SBI minimum balance controversy: Bank breaks silence

SBI minimum balance controversy: Bank breaks silence

SBI minimum balance controversy: Bank breaks silence

The amount collected by the SBI - Rs 1,771 crore - is more than the bank's Q2 net profit (from July - September 2017) at Rs 1,581 crore, and almost half of the net profit in the half year, from April to September of 2017, at Rs 3,586 crore.

While the SBI had aimed for Rs 2,000 crore as penalty collection, at Rs 1,771 crore, it's not completely off target.

SBI had earlier revised the minimum account balance for its savings accounts, as well as the penalties for non-maintenance of minimum balance. This amount is determined on the basis of type of branch where the account is held and the degree of shortfall, between the balance maintained and the MAB required.

The distressingly stark contrast in which the biggest public sector bank as well as the largest lender in the country treats its customers from economically weaker sections, when compared to its serial overlooking of the staggering pile of bad loan incurred by wilful defaults by big corporates, becomes once again quite clear with the emergence of a fresh report. The bank also exempted pensioners, beneficiaries of social benefits from the government and accounts of minors from levy of these charges with effect from October 1.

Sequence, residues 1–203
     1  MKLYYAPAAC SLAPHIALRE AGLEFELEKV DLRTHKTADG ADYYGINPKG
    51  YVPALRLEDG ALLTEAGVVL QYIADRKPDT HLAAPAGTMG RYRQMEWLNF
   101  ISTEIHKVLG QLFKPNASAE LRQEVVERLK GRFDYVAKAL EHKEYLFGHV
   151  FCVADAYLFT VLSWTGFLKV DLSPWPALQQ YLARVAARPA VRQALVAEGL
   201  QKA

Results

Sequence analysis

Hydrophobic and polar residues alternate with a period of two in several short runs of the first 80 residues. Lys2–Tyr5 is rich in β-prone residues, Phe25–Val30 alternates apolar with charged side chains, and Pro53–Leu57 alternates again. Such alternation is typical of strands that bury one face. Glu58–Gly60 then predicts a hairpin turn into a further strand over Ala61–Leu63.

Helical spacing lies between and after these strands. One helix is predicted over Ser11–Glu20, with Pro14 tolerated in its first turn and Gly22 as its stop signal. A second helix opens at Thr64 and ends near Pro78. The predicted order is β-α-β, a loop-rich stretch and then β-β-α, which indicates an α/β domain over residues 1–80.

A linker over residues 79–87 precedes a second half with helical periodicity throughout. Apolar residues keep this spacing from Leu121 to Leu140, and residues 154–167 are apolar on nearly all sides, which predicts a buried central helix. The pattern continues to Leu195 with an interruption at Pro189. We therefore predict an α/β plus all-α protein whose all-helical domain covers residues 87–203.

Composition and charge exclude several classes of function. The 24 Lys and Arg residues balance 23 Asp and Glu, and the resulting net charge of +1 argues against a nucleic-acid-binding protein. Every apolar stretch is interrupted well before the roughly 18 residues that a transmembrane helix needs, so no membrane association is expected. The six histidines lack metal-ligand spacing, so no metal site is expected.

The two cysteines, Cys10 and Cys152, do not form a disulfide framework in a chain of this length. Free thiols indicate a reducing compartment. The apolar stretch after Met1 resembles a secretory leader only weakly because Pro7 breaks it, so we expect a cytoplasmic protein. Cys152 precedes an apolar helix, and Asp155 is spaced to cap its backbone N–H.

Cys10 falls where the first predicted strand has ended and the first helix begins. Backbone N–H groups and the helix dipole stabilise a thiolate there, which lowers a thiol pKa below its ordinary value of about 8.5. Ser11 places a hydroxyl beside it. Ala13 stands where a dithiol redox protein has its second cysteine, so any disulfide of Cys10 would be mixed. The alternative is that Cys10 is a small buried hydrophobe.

Few days back, a study by an IIT-Bombay professor has claimed that public sector as well as private banks have been imposing unreasonable charges on customers for failing to maintain minimum balances in their savings accounts.

In India nearly all the banks charge a certain amount to account holders for non-maintenance of amount specified by banks.

The MAB for semi-urban areas has been unchanged at Rs 2,000, but penalties for non-maintenance have been slashed for this group. These charges were slightly relaxed in September when SBI reduced the MAB requirement for customers in metro cities to Rs 3000 from Rs 5000. The semi-urban SBI customer will have to pay Rs 30 if their MAB rests between Rs 999 and Rs 500, and not Rs 50 as they did before.

Most banks have fixed penal charges for non-maintenance of minimum balance in savings bank accounts at an average rate of 6.5 per cent of every month's shortfall, which is equivalent to a penal rate of 78 per cent per annum, according to a study, "Fault lines in Implementation of Minimum Balance Rule", by Ashish Das, Professor, Department of Mathematics, IIT Bombay.

Between April and September, SBI imposed these charges in metro, urban as well as rural centres.

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